The European Space Agency’s third Automated Transfer Vehicle (ATV) resupply spacecraft is speeding toward a docking with the International Space Station (ISS), following a smooth countdown and liftoff from the European spaceport in Kourou, French Guiana, early March 23.

The March 28 docking is scheduled for 6:32 p.m. EDT, following a series of phasing maneuvers coordinated by the ATV Control Center in Toulouse, France, with ISS controllers in Houston and Moscow. Onboard the station, European Space Agency (ESA) astronaut Andre Kuipers and Russian cosmonaut Oleg Kononenko will be standing by to remotely guide the ATV into its docking port if there is a difficulty with the automated guidance system.

The supply ship, christened the Edoardo Amaldi, is loaded with 14,450 lb. of propellant, water, research gear and other supplies. It will remain berthed to the aft docking port of the station’s Russian segment until late August. During the docking period, the ATV’s thrusters will take on the reboost role for the six-person orbiting science laboratory and provide propulsion for orbital debris avoidance maneuvers.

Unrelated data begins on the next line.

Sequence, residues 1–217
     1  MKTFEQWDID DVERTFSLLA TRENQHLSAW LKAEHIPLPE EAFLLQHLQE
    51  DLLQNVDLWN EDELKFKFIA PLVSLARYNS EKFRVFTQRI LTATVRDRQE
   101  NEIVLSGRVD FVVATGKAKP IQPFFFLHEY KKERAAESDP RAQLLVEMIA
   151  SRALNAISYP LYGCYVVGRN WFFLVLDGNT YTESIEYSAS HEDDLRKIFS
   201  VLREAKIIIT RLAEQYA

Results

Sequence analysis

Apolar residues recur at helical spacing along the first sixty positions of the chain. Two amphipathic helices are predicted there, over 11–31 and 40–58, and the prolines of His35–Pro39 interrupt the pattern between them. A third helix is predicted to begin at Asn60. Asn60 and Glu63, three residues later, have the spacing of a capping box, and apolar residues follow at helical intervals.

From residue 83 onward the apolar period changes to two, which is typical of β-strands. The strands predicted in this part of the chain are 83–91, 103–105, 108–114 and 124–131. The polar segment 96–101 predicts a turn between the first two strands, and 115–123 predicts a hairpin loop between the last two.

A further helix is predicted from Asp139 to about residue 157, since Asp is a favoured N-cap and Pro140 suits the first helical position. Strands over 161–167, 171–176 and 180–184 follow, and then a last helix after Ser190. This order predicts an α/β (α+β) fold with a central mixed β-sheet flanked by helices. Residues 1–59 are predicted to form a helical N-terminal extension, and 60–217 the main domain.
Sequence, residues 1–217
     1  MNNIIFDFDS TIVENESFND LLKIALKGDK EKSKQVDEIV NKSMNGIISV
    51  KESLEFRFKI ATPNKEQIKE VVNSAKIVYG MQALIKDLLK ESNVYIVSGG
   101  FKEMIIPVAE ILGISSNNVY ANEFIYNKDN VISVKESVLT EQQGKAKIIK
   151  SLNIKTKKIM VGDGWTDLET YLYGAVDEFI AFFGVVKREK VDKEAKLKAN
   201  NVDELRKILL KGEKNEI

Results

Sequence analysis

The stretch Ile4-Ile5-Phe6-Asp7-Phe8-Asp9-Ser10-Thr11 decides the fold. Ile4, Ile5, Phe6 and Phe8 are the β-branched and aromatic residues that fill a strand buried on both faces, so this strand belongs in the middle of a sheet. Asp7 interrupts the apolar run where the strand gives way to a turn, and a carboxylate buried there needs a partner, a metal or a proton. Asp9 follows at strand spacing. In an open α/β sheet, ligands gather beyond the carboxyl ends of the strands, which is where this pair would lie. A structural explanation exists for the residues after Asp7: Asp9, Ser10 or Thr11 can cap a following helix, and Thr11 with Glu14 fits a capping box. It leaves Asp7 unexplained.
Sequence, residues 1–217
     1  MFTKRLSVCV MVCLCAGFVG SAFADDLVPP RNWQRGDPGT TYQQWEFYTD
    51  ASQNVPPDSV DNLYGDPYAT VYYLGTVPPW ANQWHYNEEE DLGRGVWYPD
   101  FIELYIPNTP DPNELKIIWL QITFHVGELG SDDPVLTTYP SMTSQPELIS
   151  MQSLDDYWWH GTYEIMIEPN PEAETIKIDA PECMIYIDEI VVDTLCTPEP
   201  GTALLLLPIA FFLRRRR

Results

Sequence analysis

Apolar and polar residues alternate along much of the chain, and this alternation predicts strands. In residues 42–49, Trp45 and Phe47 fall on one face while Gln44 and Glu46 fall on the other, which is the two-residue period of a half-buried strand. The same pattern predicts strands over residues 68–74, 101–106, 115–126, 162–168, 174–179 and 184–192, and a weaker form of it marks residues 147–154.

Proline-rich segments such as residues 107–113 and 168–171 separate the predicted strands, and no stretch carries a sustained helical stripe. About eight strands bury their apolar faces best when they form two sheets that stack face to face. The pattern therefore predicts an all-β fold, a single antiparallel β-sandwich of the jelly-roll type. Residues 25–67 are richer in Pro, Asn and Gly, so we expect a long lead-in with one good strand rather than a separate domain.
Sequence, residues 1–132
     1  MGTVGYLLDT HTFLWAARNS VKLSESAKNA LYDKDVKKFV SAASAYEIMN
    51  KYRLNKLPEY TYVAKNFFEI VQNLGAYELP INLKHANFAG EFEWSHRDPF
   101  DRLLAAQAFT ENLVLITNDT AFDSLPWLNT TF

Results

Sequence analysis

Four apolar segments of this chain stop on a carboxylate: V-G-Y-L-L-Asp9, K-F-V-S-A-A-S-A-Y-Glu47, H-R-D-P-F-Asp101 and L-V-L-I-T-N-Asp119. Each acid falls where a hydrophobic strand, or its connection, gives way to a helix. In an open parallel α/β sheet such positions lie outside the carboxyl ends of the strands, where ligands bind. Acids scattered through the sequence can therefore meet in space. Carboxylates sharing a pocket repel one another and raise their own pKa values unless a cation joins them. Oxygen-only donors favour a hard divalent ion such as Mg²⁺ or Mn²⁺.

The ATV-3 lifted off at 12:34 a.m. EDT, or 1:34 a.m., at the launch site. The station’s U.S., Russian and European crew watched live imagery of the ascent transmitted to them from NASA’s Mission Control.

The Ariane 5’s first stage cut off 10 min. into flight, as scheduled. The spacecraft was released following two burns of the upper stage, the second following a planned 42-min. coast.

Originally set for March 9, the launch was rescheduled so engineers could open the ATV’s dry cargo compartment to resecure internal cargo bags.

The latest of five planned ATVs was named in honor of the 20th century Italian research physicist and one of the founders of the European Organization for Nuclear Research, or CERN. When it departs the station, the ATV will be filled with trash for a destructive re-entry in the Earth’s atmosphere.

ESA’s first two ATVs were successfully launched in March 2008 and February 2011.